I'm not talking about the resurgence of the mythical blood-sucking creatures that have been reinvented by popular culture in the past few years. I'm talking about the kind of vampires that already reside in your home – your electronic gadgets. You may not realize it, but these vampires are really making themselves at home. Many of them do so by consuming electricity even when you think you've turned them off. According to statistics cited on the ENERGY STAR certification's website, vampires cost the average U.S. family about $100 each year!

Often the culprit is a "standby" mode, but some vampires are even sneakier than that. Some just have large "block" plugs while others have "power bricks" hidden midway down the A/C adapter cord. If you want to reduce the impact of these unwanted guests, there are a few simple steps you can take.

Stopping the bleeding

There are several ways to cut down on vampire energy use, but all of them revolve around the same basic approach: ensuring that vampire devices cannot use energy when you're not using them. The easiest way to do this is to physically unplug your devices, but that can be a real challenge – especially if your outlets are buried behind furniture.

Another approach that achieves the same goal is to connect your devices to a power strip. The strip allows you to quickly stop any power drain by just flipping a switch. If you really want to get handy you can install a traditional wall switch to control the outlets your electronics are plugged in to. This approach achieves the same goal as a power strip, but you won't have to bend down to flick the switch.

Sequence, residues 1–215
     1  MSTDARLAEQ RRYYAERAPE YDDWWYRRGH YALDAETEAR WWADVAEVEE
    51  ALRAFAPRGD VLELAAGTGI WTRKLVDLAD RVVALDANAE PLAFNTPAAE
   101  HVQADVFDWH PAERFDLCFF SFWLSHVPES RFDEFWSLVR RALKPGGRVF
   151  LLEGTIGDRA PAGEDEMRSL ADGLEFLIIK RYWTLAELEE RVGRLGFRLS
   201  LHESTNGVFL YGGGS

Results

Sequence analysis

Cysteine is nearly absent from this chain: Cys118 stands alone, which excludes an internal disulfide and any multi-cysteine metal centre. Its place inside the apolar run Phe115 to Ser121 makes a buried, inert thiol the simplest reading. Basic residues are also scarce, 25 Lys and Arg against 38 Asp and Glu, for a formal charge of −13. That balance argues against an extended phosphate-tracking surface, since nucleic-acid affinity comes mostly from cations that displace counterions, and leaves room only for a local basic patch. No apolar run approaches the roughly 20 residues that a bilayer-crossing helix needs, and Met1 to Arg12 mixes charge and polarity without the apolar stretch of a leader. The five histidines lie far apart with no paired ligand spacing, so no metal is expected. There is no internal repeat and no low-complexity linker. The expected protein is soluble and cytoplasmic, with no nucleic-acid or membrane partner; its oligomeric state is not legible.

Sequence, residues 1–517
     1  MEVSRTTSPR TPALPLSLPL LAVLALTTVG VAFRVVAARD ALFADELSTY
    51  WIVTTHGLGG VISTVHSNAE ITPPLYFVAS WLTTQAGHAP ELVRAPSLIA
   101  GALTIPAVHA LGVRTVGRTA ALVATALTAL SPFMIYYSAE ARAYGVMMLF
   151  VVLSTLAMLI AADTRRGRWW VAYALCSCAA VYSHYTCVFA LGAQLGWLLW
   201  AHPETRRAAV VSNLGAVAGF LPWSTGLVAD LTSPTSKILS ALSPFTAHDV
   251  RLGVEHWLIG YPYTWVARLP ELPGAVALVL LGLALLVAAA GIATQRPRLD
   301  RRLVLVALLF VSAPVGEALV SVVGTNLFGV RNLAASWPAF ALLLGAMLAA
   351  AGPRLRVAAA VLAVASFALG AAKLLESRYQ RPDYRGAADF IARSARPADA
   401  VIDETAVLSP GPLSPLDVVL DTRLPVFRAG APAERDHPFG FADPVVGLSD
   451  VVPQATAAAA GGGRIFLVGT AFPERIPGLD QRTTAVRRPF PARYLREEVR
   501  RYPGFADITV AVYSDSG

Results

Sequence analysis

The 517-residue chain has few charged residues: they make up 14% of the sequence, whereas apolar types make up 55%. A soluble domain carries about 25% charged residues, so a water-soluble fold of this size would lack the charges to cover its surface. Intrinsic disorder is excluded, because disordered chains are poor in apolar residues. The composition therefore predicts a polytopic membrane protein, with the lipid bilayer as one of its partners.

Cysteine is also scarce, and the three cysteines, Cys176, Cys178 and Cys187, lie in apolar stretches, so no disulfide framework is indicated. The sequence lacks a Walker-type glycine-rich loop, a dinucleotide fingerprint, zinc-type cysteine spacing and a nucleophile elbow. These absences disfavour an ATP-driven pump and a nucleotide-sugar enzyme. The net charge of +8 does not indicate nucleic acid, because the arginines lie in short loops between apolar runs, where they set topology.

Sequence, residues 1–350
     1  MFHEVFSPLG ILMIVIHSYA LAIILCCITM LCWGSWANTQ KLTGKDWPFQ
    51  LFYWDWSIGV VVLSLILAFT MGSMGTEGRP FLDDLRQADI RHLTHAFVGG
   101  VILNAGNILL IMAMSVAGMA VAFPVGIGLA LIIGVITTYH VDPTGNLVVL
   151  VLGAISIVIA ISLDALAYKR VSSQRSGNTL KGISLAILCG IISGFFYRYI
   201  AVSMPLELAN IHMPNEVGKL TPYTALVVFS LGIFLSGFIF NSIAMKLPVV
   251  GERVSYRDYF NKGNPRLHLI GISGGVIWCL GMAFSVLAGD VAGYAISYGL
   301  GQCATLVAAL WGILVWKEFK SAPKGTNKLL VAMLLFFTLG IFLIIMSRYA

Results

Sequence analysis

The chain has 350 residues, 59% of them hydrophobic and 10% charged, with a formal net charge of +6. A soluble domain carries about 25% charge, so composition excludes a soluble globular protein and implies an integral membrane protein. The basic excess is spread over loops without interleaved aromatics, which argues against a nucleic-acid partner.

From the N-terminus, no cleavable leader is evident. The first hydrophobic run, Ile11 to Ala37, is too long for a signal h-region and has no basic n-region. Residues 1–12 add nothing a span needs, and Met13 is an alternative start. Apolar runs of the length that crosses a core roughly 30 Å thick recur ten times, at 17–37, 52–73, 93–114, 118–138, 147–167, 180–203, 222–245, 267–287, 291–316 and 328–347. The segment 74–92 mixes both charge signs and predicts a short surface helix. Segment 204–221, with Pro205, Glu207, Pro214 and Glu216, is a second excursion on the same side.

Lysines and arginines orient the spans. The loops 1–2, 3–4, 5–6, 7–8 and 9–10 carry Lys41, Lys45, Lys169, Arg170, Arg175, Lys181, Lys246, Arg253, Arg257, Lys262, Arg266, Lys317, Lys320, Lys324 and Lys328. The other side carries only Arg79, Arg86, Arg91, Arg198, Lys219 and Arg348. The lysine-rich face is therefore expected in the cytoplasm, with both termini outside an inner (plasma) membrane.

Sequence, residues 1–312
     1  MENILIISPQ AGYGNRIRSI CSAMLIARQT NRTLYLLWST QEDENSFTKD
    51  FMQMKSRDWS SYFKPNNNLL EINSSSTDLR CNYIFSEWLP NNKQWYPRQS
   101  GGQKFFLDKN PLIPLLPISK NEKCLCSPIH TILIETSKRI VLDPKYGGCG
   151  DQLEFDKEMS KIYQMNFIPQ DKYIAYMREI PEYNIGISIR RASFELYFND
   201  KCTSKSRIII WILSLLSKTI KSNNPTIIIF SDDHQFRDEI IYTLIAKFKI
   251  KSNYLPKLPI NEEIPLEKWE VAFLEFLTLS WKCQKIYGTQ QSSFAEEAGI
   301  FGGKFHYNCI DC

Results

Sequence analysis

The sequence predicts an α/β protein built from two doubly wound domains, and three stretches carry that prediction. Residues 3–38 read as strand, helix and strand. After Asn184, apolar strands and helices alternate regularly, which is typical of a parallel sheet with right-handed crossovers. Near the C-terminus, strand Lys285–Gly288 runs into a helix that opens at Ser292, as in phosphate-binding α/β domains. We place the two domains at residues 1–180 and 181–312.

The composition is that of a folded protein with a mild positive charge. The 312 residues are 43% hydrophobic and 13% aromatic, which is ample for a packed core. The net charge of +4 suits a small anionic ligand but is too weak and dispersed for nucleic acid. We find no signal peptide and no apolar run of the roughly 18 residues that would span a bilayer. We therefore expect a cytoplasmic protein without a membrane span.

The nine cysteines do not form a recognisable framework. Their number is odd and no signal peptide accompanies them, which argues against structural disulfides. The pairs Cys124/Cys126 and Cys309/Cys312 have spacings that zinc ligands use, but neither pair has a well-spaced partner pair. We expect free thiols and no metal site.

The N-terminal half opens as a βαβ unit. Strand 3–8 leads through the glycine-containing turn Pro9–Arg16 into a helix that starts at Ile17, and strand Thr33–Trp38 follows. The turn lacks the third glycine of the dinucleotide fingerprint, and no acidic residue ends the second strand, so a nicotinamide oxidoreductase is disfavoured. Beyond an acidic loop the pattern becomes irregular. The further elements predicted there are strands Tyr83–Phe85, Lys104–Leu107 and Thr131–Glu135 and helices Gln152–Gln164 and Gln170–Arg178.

While it's fairly simple to prevent vampires from using energy, there's more to this discussion than that.

Picking your battles

Sure, lots of electronic devices use energy when they're not in use and in many cases that can be undesirable, but sometimes you'd rather pay the extra few cents a day to keep from dealing with the hassles involved with not having a standby mode.

Think back to when you first plugged in your television. You probably spent a good half an hour choosing just the right picture settings, programming the digital tuner to recognize all the channels you receive and setting the clock. If you sever your TV's connection to standby power you're going to have to either forgo these personal preferences or spend another 30 minutes getting everything just right every time you plug it in.

In other cases, vampire devices might be using energy to actually achieve something you want them to. The perfect example is your DVR. If you disconnect your DVR's power, you can forget about watching the shows you programmed it to record later. After all, it can't record a show if it doesn't have the power to do so.

Before you go all out unplugging your devices whenever you turn them off, think about what actually needs standby power and what doesn't. With the right planning you can kill off the vampires you don't need and keep the ones you can handle.

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